Brainiac, Circadia and Rond finally put two and two together, and figured out what had been happening to Douglas’ mind, and Brainiac takes the final step to save the brother of Ferro Lad…


Rond and Brainiac continued their work together, and young Vidar spearheaded the exploration of temporal physics. But, then, there came a day when Universo again decided to try and take over the world, and this time, decided to make sure that the little bastard who thwarted him twice before didn’t get an third shot at it, and buried his son alive. The Legionnaires were horrified to find Rond dead, but managed (if only barely) to throw off the yoke of Universo’s mind control. This left Brainiac very confused, very alone, and down one bestest friend…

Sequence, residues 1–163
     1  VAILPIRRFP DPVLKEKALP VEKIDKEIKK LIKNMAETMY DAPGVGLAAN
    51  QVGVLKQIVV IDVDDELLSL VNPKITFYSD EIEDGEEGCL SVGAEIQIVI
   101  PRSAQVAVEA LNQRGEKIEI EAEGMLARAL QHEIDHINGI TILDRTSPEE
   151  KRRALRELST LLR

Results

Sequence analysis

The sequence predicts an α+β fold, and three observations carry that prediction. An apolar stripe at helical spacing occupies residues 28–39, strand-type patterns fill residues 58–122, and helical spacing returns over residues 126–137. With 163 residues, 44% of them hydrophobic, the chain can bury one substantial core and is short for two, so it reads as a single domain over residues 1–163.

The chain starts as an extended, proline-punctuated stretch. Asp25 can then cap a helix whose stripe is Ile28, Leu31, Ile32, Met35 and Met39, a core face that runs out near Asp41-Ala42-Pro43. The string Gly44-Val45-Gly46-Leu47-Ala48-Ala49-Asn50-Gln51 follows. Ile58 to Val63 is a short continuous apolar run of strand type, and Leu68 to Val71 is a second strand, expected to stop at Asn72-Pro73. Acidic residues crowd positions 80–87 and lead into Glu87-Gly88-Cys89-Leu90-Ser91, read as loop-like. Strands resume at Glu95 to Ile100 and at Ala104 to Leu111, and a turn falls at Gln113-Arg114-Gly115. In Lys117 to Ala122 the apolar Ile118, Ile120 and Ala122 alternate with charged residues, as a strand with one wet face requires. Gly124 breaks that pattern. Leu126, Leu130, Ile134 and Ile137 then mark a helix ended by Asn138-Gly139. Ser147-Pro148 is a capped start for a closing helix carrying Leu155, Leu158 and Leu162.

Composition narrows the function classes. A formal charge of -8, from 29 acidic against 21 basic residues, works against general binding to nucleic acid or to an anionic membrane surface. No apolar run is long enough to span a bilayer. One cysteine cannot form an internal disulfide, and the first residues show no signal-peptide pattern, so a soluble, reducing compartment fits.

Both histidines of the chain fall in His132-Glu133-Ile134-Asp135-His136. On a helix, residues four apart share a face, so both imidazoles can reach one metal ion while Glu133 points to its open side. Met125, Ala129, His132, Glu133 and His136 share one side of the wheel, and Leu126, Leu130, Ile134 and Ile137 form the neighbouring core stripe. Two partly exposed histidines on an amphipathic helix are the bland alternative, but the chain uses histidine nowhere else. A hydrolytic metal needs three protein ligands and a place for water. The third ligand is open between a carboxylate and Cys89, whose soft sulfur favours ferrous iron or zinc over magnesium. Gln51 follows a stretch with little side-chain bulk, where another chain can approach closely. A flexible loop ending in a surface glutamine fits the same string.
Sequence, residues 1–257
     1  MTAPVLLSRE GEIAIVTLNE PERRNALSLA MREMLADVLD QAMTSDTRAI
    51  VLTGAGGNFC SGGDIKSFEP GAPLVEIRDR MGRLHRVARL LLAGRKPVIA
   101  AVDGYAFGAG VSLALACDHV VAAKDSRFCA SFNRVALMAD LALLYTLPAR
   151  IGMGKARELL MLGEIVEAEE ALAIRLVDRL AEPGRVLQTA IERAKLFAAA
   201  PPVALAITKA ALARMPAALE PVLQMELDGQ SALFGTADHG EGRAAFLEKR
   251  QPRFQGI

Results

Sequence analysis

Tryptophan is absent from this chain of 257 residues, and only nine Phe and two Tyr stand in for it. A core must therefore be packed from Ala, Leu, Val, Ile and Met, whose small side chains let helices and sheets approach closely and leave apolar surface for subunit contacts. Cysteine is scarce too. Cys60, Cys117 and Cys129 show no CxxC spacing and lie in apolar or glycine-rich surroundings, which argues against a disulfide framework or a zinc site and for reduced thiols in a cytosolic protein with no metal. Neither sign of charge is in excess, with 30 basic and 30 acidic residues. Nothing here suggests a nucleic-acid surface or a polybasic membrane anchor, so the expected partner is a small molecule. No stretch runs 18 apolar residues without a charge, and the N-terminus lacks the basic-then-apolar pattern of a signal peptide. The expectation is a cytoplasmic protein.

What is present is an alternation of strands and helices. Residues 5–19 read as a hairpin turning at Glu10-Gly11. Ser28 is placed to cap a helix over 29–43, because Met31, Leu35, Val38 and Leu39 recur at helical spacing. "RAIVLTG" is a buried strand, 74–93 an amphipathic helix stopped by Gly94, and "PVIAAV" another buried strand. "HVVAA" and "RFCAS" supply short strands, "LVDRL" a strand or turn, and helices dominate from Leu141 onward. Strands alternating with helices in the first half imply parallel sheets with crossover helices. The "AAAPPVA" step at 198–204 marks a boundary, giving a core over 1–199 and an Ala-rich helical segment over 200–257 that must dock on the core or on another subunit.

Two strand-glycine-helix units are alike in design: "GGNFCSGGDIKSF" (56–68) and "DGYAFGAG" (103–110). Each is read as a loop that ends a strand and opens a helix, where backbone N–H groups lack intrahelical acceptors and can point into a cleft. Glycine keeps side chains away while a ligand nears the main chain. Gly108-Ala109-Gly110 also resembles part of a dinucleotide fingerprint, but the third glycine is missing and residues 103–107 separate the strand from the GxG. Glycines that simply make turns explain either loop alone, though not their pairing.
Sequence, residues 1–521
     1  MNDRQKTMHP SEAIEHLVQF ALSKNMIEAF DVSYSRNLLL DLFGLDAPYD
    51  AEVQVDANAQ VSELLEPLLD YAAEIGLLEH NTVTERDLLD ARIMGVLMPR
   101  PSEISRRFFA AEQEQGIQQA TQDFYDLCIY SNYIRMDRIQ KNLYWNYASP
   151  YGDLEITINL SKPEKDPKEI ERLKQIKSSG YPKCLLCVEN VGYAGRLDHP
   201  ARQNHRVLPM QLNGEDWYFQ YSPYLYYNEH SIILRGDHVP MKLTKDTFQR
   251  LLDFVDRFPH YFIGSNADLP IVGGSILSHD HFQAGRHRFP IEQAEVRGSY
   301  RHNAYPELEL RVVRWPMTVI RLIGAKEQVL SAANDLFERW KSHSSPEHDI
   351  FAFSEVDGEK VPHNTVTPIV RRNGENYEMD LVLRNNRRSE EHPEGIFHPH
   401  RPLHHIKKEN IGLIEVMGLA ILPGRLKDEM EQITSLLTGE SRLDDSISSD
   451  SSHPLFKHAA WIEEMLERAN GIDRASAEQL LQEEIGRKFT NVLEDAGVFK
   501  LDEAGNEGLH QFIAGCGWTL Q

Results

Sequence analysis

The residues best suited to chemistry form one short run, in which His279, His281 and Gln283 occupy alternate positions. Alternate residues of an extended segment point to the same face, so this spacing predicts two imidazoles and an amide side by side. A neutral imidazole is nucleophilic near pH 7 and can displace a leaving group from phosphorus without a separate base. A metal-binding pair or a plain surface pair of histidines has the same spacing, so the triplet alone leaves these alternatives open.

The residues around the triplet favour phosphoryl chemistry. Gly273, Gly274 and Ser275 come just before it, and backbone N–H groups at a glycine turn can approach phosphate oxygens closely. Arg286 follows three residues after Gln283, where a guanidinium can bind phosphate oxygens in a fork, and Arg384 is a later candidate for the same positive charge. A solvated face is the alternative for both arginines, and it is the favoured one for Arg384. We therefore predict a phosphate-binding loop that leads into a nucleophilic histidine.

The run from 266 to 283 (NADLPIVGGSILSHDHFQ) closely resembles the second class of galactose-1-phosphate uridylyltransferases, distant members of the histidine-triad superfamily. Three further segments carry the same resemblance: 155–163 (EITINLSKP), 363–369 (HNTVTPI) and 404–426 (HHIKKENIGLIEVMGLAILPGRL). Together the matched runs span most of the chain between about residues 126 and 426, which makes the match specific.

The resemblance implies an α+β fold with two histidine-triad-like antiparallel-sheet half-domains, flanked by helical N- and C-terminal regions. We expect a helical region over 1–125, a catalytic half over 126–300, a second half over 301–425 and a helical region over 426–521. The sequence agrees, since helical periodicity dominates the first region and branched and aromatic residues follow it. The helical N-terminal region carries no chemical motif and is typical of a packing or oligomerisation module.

The loss of Rond was one of many factors (the loss of Supergirl, the death of the Time Trapper’s fake Tom Welling, as well as exile by his people) that made Brainiac a harder and more unforgiving individual, but when he, Saturn Girl, Duo Damsel and Mon-El teamed up to try and punish the Time Trapper for the killing of young Kal-El, he was just enough off balance that even his wonderful mind couldn’t figure out a way to break through the newly strengthened barrier of time. Enter: a dead man!


Rond says something equivalent to, “Meh, it didn’t take,” and quickly avails the Legionnaires of his original Time Cube, still mint in box, a piece of technology so awkward and ancient that the Time Trapper didn’t think to block it’s ability to traverse the eons. The fivesome arrives at Vanishing Point, the Trapper’s citadel at the end of time, but are amazed to find that they’re very much outgunned.